Act 2 of Moonlight introduces this relationship for Chiron as he continues to wrestle with his realization of being gay, a fact mentioned off-handed in Act 1. Kevin, a childhood friend who turns out to be more than the lady-killing player he makes himself out to be. Chiron clearly harbors a secret attraction to his friend, but the stigma of such a desire and Kevin’s boisterous attitude seem incongruous to his longing ever becoming a reality. Even when those feelings are returned, the are quickly dashed and Act 2, once again, ends with Chiron’s isolation and an explosive, life-changing choice.

Director Barry Jenkins is no stranger to placing social commentary within the context of a complex, personal narrative. His previous feature-length movie, Medicine for Melancholy, sets a one-night stand and budding romantic relationship against the backdrop of gentrification and urban segregation in modern San Fransisco. The main story focus is on the well-acted relationship between actors Wyatt Cenac and Tracey Heggins, but the powerful story around is one of greater social significance and comes to impact their eventual parting at the end of the movie.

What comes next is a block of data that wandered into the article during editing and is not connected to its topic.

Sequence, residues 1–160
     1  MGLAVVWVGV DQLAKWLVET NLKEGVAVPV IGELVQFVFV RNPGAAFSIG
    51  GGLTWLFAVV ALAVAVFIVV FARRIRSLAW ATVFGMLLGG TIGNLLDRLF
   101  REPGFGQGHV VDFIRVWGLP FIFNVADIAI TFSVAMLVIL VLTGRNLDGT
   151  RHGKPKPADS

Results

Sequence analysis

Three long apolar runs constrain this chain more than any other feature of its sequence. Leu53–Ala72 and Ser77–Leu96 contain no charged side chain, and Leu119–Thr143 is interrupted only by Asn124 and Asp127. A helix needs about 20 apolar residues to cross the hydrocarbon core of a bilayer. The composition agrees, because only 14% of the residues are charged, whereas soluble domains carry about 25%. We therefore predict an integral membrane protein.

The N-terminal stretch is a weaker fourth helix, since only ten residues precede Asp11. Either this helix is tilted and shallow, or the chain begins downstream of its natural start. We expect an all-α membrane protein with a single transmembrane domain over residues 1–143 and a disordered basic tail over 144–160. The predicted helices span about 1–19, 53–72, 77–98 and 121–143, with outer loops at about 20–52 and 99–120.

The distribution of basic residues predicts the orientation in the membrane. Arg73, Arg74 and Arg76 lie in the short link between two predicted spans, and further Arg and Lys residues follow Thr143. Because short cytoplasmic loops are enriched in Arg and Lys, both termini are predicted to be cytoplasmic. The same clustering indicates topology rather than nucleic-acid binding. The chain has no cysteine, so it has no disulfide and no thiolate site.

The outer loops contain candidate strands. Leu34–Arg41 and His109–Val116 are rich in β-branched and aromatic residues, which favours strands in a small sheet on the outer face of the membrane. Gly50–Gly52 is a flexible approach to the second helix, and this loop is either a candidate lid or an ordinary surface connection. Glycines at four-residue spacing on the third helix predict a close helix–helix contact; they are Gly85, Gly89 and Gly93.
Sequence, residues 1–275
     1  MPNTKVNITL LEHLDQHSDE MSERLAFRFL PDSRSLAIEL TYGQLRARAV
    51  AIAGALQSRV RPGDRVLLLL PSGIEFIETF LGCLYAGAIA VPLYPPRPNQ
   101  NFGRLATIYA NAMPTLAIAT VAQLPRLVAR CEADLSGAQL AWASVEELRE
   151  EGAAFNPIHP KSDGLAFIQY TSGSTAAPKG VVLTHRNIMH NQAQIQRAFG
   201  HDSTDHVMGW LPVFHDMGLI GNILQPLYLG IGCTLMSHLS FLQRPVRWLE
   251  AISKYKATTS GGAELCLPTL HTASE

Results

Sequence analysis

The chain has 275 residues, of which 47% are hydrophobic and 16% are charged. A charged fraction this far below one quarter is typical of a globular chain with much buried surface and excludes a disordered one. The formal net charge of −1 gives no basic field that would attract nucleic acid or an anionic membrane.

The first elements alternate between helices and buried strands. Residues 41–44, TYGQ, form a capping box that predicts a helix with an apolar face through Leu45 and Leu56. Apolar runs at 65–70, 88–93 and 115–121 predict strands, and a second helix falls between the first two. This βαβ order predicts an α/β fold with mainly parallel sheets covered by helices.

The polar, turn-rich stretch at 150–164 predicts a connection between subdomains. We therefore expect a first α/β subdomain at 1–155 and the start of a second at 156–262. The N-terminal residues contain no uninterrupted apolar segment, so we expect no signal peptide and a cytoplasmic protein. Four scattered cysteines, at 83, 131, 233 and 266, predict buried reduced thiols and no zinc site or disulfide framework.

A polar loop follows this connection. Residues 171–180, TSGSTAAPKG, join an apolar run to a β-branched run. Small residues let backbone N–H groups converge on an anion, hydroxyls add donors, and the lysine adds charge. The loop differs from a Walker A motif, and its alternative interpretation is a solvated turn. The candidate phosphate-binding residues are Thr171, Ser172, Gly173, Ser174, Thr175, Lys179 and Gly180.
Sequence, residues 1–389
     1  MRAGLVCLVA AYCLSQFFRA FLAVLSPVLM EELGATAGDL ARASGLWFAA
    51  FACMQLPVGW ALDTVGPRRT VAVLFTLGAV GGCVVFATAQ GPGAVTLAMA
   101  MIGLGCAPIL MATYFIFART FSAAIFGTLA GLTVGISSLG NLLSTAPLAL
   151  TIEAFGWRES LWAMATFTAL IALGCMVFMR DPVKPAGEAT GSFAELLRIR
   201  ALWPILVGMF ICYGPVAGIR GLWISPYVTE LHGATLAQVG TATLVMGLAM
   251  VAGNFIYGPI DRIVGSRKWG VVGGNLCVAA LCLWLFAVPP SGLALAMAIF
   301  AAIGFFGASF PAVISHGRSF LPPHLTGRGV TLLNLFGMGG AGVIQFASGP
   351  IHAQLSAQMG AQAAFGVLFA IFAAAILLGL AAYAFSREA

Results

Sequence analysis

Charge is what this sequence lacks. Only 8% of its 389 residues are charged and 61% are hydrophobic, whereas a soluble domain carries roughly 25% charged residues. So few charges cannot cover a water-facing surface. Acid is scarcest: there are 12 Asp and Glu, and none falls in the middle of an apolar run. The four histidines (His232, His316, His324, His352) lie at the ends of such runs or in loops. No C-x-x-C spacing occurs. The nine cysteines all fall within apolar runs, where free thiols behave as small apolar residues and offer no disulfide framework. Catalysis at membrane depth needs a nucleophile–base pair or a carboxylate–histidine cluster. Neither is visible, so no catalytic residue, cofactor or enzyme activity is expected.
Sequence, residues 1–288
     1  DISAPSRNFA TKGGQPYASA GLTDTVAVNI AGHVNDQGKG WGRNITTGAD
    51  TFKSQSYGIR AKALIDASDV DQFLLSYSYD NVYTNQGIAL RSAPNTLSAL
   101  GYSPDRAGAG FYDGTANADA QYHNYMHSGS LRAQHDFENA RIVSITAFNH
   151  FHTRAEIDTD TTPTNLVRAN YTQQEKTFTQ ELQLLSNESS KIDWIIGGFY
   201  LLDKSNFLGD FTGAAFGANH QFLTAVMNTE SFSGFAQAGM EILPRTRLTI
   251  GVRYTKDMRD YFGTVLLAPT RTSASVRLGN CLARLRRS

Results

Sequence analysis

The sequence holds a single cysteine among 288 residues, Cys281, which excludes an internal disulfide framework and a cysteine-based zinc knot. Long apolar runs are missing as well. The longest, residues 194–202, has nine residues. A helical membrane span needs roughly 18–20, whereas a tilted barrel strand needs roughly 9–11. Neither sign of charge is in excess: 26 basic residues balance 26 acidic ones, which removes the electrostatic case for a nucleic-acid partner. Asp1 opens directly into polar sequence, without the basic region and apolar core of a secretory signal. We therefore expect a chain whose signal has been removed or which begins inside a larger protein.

In the same way, the final act, called “Black”, has accrued both Chiron’s powerful, unseen social and cultural influences and his awkward, hesitant relationship with Kevin. Riffing powerfully on the thematic and stylistic influences of Wong Kar-Wai, the movie grapples with how adulthood has reinforced what they have known to be acceptable since youth, but under the surface they long to be truly known as they once were, briefly, in the moon’s pale glow. The final moment of Act 3, unlike the previous two, is gripping and unexpected enough to avoid spoiling, but it powerfully counterpoints the previous two acts’ endings and sounds a hopeful final note over Chiron’s story.

Of all the strengths in Moonlight, the greatest of these is the chance to listen. In a forthcoming episode of the Feelin’ Film Podcast, Aaron White and I discussed the audiences at our screenings of this movie and how it represented groups of older, white Americans who would never cross paths with a gay, African-American male growing up in urban America. Roger Ebert famously called movies, “a machine that generates empathy,” and although empathy has gotten a bit of a bad rap as of late, his maxim still proves abundantly true. Jenkins’ film deeply connects with how isolating the world can be to people of color, different sexual orientation, and even those involved with or selling drugs. We may never fully understand the black experience in American nor morally condone a person’s sexuality or drug use, but Moonlight strikingly and vividly paints a gentle mosaic of the complex nature of these matters and allows us to respond in a more gracious, understanding, and grace-filled manner.